Colour gamp shawl finished!

It’s done – 66 x 252 cm finished and hemmed (around 26 x 99 inches)! That’s one big piece of cloth to call a “shawl”, so it’s lucky I’m on the tall side.

Seen flat it doesn’t work for me – it looks like a picnic table cloth!. In a jumble or draped on a person it looks more interesting. That’s basically because I was focusing on its future use as a referencing and design tool, at the expense of the design of the particular piece itself.

Of the 63 colours dyed, seen here, 62 are used in the shawl (oops!!). There are 30 warp colours and 45 weft colours, including 13 colours in both warp and weft. That’s 1,350 colour combinations (possibly 1,194 after subtracting the duplicates if I’ve got the sum right) from the original 3 dye colours used.

At the detail level I find it fascinating. My original goal was to explore the different effects available by mixing colours in the dye versus optical colour mixing in the cloth. I think it’s going to take a long time to explore the answer(s), plus how far they can be generalised. For example, I find myself drawn to the chromatic neutrals (subdued almost greys, the result of including all 3 dye colours). I think they are beautiful in themselves plus work very well as a unifying and enhancing element as weft across a wide range of warp colours – which could probably be predicted, given the shared dye colour “parentage”. I wonder how far I can take that with a different range of original dye colours.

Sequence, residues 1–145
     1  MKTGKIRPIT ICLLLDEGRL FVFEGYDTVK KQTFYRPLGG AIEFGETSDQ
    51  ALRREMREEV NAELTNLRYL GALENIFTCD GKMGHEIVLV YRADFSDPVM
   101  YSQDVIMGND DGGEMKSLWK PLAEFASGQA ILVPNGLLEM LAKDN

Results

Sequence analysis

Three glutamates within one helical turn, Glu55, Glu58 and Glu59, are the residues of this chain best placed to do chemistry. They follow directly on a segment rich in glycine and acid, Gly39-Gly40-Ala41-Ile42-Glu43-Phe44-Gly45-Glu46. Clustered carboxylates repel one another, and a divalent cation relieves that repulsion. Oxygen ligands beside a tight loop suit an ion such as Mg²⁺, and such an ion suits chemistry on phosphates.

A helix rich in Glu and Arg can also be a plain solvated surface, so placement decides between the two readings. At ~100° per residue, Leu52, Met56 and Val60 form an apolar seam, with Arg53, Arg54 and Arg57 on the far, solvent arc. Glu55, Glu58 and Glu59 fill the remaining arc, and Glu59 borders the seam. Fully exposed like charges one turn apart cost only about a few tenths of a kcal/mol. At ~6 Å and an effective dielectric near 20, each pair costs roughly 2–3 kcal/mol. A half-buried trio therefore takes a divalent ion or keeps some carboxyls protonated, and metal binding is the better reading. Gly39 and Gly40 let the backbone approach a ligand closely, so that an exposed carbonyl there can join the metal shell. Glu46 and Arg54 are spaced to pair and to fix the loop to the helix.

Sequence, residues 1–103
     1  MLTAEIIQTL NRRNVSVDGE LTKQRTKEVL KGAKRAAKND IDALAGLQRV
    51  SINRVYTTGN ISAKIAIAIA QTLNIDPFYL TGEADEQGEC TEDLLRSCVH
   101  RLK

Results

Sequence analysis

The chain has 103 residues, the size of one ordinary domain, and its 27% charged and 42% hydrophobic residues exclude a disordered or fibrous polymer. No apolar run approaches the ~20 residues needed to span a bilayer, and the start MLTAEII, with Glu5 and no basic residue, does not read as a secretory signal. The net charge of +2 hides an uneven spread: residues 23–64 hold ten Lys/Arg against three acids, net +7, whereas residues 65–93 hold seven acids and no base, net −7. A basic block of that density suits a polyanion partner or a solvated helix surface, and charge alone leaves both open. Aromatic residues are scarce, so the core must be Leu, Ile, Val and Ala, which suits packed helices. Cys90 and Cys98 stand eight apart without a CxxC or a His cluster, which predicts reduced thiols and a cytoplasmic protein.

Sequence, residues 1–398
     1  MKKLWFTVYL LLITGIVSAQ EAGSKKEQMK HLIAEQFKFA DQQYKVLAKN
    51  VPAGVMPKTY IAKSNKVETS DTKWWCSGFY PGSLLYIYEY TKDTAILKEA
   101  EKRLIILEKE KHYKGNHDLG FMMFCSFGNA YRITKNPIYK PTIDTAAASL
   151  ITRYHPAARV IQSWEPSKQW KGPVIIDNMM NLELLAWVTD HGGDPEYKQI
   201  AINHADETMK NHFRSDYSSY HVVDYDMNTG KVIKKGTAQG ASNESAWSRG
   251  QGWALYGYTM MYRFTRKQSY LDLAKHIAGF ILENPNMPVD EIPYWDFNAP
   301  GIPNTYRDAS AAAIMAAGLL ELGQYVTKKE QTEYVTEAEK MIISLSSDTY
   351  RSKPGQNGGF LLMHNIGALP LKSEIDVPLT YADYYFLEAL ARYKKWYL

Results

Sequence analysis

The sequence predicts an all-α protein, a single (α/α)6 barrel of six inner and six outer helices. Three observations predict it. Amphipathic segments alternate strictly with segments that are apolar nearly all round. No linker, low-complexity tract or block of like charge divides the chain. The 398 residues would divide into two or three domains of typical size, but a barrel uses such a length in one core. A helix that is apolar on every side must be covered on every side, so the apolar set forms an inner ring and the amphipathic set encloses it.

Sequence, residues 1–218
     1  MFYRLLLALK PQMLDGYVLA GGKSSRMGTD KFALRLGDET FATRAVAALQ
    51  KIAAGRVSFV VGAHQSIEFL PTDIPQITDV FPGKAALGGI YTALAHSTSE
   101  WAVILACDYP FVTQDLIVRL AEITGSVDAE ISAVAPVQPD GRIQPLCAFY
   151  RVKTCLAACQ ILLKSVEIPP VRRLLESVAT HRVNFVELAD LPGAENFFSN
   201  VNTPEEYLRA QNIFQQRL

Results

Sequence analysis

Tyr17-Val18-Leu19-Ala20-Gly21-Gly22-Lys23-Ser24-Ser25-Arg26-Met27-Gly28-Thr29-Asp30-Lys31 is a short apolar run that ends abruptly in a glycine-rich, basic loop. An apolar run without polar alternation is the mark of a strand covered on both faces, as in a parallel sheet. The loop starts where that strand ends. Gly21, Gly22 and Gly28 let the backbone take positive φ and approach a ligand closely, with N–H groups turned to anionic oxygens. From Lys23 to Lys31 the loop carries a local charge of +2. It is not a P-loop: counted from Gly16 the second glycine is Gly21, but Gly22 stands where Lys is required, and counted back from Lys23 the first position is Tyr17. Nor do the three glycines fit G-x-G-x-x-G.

Some detail shots to finish. Regard the colour on your monitor as indicative only. I haven’t played with the colour in the software at all, but I’m seeing the photos on 2 screens at once (laptop plus a separate screen), and the colours displayed are quite different – rather a jarring effect.

Related posts:

Work in progress 2:

Work in progress 1:

colours and sample:


3 Responses to “Colour gamp shawl finished!”

  1. 1 Diane Roeder February 20, 2011 at 10:05 pm

    Lovely, lovely work. I love the idea of a woven gamp based on hand dyed colors. There’s a limit to how much optical blending works, depending on size of warp and weft and distance from the item.
    I dye wool a lot, and I too love to fiddle around with my three primaries to produce grays… and browns. Because of the nature of home dyeing my grays and browns have variations, tending toward one primary or another in various spots. I have some gray roving that no one has shown interest in at sales, and I can’t understand why. It has overtones of opal green and soft rosy gray… very subtle and fluid, because I was aiming for that balance point among the three primaries.

  1. 1 Spontaneity « Fibres of Being Trackback on April 30, 2011 at 7:08 pm
  2. 2 The space between orange and turquoise | Fibres of Being Trackback on August 31, 2021 at 5:04 pm

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February 2011

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